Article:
Saturday, April 11, 2009
Minnaars: Free EPs
Regardless of any legal or moral standards placed upon us, 95% of all music downloads by the public are done by illegal manners. File-sharing has ensured that, in effect, music is free. So when an artist or band take the self-conscious decision to make the fruits of their musical efforts available without charge, I commend them on their pragmatism. Of course, the physical or online digital release of an album or EP will normally generate a little revenue for the artist. On the other hand, releasing the material free of charge will gain extra exposure for the material and easier sleep for those who would have otherwise stolen it. Furthermore, it often opens the gateway towards a greater live audience.
Leicester up-starts Minnaars are one such group of talented musicians who've chosen this route. Although their decision was influenced by wranglings with a record label, they've embraced the digital age with an approach as forward-thinking as their tunes.
To place a genre upon Minnaars would merely serve to pigeon-hole their sound. This EP is a collection of four tracks which dabble in math and indie and pop, yet constantly maintain a rhythm which ensures there's a dancey aspect to each song, a glory to behold live, I'm sure.
Minnaars originally warranted my attention due to the involvement of one of my heros, Tom Woodhead of !Forward ,Russia! vocal fame, as producer. And on listening to the EP, the yelping Leeds man has yet to disappoint me with any of his musical output, at any level.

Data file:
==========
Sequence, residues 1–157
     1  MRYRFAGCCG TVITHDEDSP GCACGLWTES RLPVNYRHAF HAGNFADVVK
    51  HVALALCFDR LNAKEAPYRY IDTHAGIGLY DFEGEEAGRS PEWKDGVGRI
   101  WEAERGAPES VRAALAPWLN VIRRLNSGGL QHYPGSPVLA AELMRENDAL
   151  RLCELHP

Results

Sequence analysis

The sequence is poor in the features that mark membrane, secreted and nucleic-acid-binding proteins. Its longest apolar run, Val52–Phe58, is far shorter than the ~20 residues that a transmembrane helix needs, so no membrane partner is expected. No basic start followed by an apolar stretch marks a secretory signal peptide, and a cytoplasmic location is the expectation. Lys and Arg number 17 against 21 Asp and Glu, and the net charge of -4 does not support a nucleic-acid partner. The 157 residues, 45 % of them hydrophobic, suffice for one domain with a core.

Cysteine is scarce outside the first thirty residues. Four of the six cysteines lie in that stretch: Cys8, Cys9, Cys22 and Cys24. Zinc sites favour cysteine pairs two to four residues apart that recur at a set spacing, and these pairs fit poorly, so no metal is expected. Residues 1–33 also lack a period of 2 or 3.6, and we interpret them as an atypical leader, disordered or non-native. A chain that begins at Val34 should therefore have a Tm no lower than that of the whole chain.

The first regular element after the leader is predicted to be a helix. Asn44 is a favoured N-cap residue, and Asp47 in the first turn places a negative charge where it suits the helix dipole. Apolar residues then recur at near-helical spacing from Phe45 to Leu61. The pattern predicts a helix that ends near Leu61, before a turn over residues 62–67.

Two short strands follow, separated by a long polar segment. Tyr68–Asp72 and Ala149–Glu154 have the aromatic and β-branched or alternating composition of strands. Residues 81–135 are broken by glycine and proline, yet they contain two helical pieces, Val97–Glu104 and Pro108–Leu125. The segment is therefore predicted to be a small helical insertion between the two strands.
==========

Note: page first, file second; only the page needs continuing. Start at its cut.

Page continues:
Essay Essay Essay is a track which gives a graceful nod to American experimental-types, Minus the Bear. Seemingly, Tom's time in the studio with Menus El Oso and Life Processes producer, Matt Bayles, has inspired Woodhead's slick production, with plenty of guitars soaked in delay and reverb and synthesizers used to subtle effect. In fact, it almost sounds like Woodhead is on vocals when Adam first steps up to the microphone, but soon stamps on the track his own, unique voice.
Experimentation is rarely shied from by the band. To Jackals is a track which sets the band apart as an indie guitar group who can match artistic credibility with tuneful purposeness. At one stage in the track, you might get the impression that it will wander off on a tangent of sweeping instrumentals and ethereal vocals, before crunching guitars bring the song back to earth. The fluctuation is maintained with ease throughout the rest of the song.
Busy Hands begins as the EP's danciest track. "I've been falling into bits, been like this since the blitz" goes Adam Pickering's mantra, as he capably oversees the synths in the process. The bouncy bass transmits a highly-contagious feet-jerking syndrome, while guitars loop and intertwine like the threads of a most dynamic pattern.
The EP is fittingly closed by Your Heart My Embassy. Again, progression is at a premium. It begins as the EP's most straightforward pop song, packed with some killer hooks and catchy glitches, but ends as a sprawling piece of daring experimentation which, like most other things in the EP, works to considerable effect.
The term landfill indie has been coined for so many guitar bands who dabble in dance and pop. What sets Minnaars apart is that they have the tunes and the bravery. Comparisons with Foals, due to a fixation with the bottom 12 frets, I suspect, are wide of the mark. The overly-focused sound of the Oxford indie-math band's debut Antidotes pales in contrast this. This EP focuses on innovative music which makes you dance, revere and ponder in equal measures.
Both this EP and a remix EP of all the four tracks, featuring Maybeshewill, G-Dot, Tubelord and Love Ends Disaster are available for free.
Download: Minnaars EP
Download: Minnaars EP Remixes